HOUSTON, TX – The Laura and John Arnold Foundation (LJAF) today announced that Chris Barbic has joined the Foundation as a senior education fellow and will help to lead LJAF’s efforts to improve K-12 education in the United States. Mr. Barbic is the founding superintendent of the state of Tennessee’s Achievement School District, which was established to dramatically improve student outcomes at the state’s lowest-performing schools. He is also the founder of YES Prep Public Schools, a network of free, open-enrollment public charter schools in Houston.
“For more than a decade-and-a-half, Chris has been at the forefront of the movement to transform K-12 education through the development of innovative school models and governance structures,” said LJAF President Denis Calabrese. “We are pleased that he has chosen to join the Foundation and believe that he will provide important insight as we seek to further our investments and support cities and states that are committed to improving their public education systems.”
As a senior education fellow, Mr. Barbic will work to advance the portfolio model of school governance, an innovative structure that separates school oversight from campus operations. Under the model, educators are empowered to make decisions at the campus level; families are no longer limited to their neighborhood school; and an independent entity evaluates student performance and supports efforts to promote equity throughout the system. The portfolio structure is a critical component of the dramatic school turnaround in New Orleans, Louisiana, and the state of Tennessee has adopted elements of the model as part of its plan to enhance school quality.
Mr. Barbic has been an integral player in Tennessee’s statewide reform efforts since 2011 when he led the launch of the Achievement School District, which was created as part of a comprehensive plan to overhaul Tennessee’s lowest-performing schools. The district currently serves 10,000 students in 29 schools and is considered to be a national model for reform. It outpaced the state in student test score growth in math and science between 2012 and 2015 and made it possible for more students to attend better preforming schools. In fact, in Memphis, there are now close to 5,000 fewer students in Priority Schools today than there were just three years ago. Priority Schools are those schools that rank in the state’s bottom 5 percent.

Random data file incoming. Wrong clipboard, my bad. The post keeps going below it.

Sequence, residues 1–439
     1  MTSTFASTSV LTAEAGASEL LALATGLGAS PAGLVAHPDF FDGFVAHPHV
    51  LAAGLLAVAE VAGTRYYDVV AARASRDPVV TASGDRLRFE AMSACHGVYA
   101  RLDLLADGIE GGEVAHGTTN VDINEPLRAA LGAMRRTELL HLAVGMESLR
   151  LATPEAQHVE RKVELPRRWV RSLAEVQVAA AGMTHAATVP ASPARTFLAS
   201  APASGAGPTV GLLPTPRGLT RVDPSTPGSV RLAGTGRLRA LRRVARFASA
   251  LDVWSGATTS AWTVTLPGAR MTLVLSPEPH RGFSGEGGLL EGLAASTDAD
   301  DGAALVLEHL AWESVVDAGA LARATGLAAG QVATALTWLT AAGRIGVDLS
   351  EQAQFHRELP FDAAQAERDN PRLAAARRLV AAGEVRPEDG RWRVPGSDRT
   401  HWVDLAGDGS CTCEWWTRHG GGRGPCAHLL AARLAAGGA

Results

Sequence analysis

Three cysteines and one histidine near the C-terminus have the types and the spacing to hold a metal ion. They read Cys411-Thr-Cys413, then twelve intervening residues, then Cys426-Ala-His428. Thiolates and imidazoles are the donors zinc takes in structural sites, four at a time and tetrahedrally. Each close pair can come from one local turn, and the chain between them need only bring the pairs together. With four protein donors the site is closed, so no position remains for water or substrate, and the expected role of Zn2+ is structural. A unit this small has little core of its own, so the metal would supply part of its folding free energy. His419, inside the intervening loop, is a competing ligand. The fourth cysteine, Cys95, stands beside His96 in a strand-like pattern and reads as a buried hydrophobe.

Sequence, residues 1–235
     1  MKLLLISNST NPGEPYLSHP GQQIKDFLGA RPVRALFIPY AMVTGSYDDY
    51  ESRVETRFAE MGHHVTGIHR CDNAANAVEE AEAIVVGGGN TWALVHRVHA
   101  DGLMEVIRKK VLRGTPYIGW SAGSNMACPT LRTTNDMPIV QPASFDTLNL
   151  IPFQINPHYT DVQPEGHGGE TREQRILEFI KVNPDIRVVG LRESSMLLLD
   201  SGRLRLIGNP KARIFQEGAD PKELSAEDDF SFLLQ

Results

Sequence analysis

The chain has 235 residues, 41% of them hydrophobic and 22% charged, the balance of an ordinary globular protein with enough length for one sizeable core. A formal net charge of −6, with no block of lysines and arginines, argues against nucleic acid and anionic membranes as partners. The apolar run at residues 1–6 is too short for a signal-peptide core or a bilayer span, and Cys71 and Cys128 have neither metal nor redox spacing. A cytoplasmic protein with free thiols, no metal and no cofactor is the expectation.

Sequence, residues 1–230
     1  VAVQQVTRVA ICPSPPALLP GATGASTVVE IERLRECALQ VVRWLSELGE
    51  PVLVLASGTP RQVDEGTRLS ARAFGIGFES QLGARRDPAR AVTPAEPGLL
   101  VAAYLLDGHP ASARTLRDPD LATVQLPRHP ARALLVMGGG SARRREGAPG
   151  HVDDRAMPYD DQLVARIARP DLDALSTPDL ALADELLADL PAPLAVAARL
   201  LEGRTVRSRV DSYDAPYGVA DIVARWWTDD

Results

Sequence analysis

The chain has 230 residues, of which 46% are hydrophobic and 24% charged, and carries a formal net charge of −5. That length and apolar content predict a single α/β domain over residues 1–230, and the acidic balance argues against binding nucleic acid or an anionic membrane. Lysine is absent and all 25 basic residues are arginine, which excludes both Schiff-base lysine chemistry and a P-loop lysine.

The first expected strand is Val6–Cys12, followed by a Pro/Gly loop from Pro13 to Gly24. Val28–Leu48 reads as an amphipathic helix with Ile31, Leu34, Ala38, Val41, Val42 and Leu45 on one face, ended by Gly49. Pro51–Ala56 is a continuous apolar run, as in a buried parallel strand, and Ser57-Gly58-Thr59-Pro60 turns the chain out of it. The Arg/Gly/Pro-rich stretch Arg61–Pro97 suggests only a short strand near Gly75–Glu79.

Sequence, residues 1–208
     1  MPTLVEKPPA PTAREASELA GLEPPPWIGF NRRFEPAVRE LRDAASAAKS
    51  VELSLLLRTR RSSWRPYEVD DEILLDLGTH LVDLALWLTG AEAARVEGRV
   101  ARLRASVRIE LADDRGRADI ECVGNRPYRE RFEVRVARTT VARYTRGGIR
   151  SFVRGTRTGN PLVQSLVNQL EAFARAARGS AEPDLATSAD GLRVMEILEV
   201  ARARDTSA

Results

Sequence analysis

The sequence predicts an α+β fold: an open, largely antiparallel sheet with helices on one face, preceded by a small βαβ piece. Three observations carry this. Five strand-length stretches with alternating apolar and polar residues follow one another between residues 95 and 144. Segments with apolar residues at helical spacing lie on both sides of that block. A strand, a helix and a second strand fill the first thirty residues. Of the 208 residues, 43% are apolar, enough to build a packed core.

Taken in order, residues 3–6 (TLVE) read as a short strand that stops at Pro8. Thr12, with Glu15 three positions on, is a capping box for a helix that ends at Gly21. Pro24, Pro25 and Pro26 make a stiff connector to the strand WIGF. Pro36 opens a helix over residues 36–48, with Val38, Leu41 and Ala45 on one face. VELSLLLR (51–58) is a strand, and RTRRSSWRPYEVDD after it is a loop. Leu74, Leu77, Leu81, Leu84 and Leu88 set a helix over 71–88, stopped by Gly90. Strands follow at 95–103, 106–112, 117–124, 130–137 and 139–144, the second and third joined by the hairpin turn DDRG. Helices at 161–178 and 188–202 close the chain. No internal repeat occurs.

“Few people in the nation have a deep understanding of what it means to be both a school district leader and a charter school leader, and Chris has excelled at both,” said LJAF Senior Education Fellow Neerav Kingsland. “As more cities implement systems that expand school choice for families, Chris will provide invaluable support and leadership to these communities. We are thrilled to have him join our team.”
Before leading the Achievement School District, Mr. Barbic served as founder and CEO of YES Prep for more than a decade. YES Prep has been recognized as a leader in expanding access to high-quality educational opportunities for students from low-income families since its inception in 1998. The network’s 16 schools rank among the top-performing schools in the country, and more than 70 percent of YES Prep alumni are currently enrolled in college or have earned a college degree.
“I am excited to join the Laura and John Arnold Foundation and to have an opportunity to apply the lessons I learned at YES Prep and the Achievement School District to support high-performing, autonomous, and accountable school systems around the country,” Mr. Barbic said.
In addition to its investments focused on advancing the portfolio model, LJAF funds other associated initiatives to improve transparency on school performance, scale successful schools, and establish policies that emphasize accountability, best practices, school choice, and decentralization.